______________________________________NWCCODE MapBinderyIDToDSName ( unsigned long objectID, unsigned int objectType, char *objectName, char *dsName)______________________________________
Thus, map process 50 accepts from load process 48 object identifier 20, the object type, and object name 28, and returns to load process 48 object name 32. This assumes that object identifier 20, object name 28 and the object type were present in the data stream communicated to second environment 12, although it is apparent that the additional information such as object type and object name are implementation dependent, as such variables are not necessary to properly convert object identifier 20 in first environment 10 to a reference such as object name 32 in second environment 12. The dsname corresponds to object name 32, although as discussed above, rather than storing object name 32 in object 25, another reference such as object identifier 40 could have been used, since either can be obtained via the other. Using this information, map process 50 invokes the following function:
______________________________________NWCCODE MGReadBindery(NWCONN-- HANDLE connection, FileInfo *pFInfo).______________________________________
This function accepts a pointer to a structure containing an object id, an object type and an object name, and returns the pointer to the corresponding object in object reference list 24 if such object exists. Map process 50 utilizes the return pointer to extract object name 32 from the structure and then verifies that object name 32 is a valid object name in second environment 12. If it is, map process 50 obtains object identifier 40 associated with object name 42.
Map process 50 returns object identifier 40 to load process 48. Load process 48 stores object identifier 40 in file object list 47 associated with file 43. As illustrated in FIG. 2, object 39 now has identical access rights to file 43 in second environment 12 as object 25 had to file 18 in first environment 10. Thus, file 18 and its file access rights were properly migrated from first environment 10 to second environment 12.
Although the embodiment shown illustrates load process 48 and map process 50 as two separate processes, it is apparent that the functionality of map process 50 could be incorporated entirely into load process 48, if the modularity provided by two separate processes is not desired.
As mentioned above, one advantage of the frame work provided by the method according to this invention is that most conventional network operating systems include a process which is capable of restoring the operating system environment, including file systems, file attributes and object reference lists from a backup storage device. Such a process can be modified to achieve the load portion carried out by load process 48. An advantage of modifying such an existing process is that such restore processes are typically stable and extraordinarily well tested processes since without a reliable restore process one could not trust their data in such a network operating system. According to one embodiment of this invention, load process 48 comprises a modified version of the restore process available for 4.x NetWare network operating systems. The restore process is modified to recognize a reference such as object identifier 20 from a different environment such as first environment 10. The restore process is also modified to either retrieve from first environment 10 the object name of the object in second environment 12 which is associated with the reference from first environment 10 or to call a function such as map process 50 with the appropriate reference from first environment 10 to retrieve the object name of the object from second environment 12, as described above. The restore process is also modified to accept the new object identifier from second environment 12 and store the new object identifier in the file object list rather than the original object identifier received in the stream of data.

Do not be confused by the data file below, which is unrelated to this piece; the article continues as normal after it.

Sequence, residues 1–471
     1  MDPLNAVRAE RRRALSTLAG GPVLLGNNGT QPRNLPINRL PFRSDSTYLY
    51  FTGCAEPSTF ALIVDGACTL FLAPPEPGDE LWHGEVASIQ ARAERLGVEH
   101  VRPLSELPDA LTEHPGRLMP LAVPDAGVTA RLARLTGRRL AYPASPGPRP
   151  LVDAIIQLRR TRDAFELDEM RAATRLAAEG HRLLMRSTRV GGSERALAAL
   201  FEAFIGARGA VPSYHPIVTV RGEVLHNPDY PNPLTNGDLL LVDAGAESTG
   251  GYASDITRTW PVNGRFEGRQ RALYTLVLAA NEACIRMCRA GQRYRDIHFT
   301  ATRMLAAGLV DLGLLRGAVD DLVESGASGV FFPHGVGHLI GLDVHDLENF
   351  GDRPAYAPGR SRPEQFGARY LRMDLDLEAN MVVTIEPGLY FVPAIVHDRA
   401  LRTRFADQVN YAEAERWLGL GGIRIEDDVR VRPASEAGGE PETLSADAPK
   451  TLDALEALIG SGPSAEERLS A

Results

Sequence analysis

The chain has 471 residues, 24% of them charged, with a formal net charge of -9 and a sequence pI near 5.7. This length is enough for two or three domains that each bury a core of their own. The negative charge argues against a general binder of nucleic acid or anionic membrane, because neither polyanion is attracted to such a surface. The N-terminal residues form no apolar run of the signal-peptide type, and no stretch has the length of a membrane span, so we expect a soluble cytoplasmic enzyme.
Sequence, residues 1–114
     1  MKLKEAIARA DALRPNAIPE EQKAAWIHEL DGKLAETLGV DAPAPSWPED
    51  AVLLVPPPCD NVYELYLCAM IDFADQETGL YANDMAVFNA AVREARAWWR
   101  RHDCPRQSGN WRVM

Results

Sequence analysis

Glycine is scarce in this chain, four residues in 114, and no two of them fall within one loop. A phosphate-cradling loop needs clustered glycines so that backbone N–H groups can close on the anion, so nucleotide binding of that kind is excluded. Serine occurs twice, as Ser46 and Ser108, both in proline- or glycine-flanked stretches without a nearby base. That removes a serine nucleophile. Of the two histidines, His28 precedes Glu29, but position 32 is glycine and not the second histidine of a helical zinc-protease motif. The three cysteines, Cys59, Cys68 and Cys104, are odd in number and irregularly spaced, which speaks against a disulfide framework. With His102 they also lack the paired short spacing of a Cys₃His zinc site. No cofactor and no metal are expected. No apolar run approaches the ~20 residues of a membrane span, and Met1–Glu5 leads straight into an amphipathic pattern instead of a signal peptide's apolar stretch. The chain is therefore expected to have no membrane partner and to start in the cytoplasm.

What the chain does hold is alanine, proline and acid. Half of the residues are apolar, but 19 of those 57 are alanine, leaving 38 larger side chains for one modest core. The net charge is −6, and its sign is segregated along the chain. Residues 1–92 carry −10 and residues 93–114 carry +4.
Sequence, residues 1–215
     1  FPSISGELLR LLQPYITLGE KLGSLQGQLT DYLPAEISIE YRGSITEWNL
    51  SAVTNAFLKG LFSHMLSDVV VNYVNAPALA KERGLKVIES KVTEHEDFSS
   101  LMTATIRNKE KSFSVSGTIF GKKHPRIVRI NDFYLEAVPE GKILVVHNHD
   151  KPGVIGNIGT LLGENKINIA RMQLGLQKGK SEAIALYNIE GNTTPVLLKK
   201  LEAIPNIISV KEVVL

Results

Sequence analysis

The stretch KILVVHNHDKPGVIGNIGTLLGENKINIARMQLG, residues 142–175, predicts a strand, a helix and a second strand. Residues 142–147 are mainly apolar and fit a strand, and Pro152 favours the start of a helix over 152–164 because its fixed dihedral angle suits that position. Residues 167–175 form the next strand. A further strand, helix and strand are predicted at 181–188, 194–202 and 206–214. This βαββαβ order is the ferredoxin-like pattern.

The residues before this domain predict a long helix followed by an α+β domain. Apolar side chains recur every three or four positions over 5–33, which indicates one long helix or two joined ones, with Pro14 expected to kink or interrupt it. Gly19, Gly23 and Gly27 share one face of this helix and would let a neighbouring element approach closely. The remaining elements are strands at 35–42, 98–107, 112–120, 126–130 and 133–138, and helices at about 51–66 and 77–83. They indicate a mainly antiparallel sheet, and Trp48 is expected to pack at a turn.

A relatively important advantage achieved by the method according to this invention is that the mapping information which maps objects from first environment 10 to objects in second environment 12 is retained globally, that is on a file server rather than a client computer, where it can be accessed by any other process which would find such mapping information useful. The majority of network operating systems in use today have an object reference list containing objects which can be accessed by an object identifier and/or an object name. Preferably, the mapping information is stored in the object reference list in the first environment. This greatly reduces the effort necessary to create a relationship between a first environment object and a second environment object since the object reference list already exists, and is already capable of returning an object and its attributes via an object identifier and/or object name. Thus, according to the method of this invention, one need only create a new attribute for each object and store the second environment object identifier in the attribute.
The foregoing description of a preferred embodiment of the invention has been presented for purposes of illustration and description. It is not intended to be exhaustive or to limit the invention to the precise form disclosed. Obvious modifications or variations are possible in light of the above teachings. The embodiment was chosen and described in order to best illustrate the principles of the invention and its practical application to thereby enable one of ordinary skill in the art to best utilize the invention in various embodiments and with various modifications as are suited to the particular use contemplated. It is intended that the scope of the invention be defined by the claims appended hereto.
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|3||*||Migrating to NetWare 4.11 Using the Across the Wire Method, Bruce Cutler and Lee Lowry, Novell Application Notes, Sep. 1996, pp. 5 20.|
|4||Migrating to NetWare 4.11 Using the Across-the-Wire Method, Bruce Cutler and Lee Lowry, Novell Application Notes, Sep. 1996, pp. 5-20.|
|5||*||Novell Consulting Migration Tools, 1995, pp. 1 36.|
|6||Novell Consulting Migration Tools, 1995, pp. 1-36.|
|7||*||Novell Consulting, Banyan VINES to NetWare 4 Migration Overview, Jan. 1996, pp. 1 14.|
|8||Novell Consulting, Banyan VINES to NetWare 4 Migration Overview, Jan. 1996, pp. 1-14.|
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|Oct 9, 1996||AS||Assignment|
Owner name: NOVELL, INC., UTAH
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Effective date: 19961008
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Year of fee payment: 12
|Nov 30, 2011||AS||Assignment|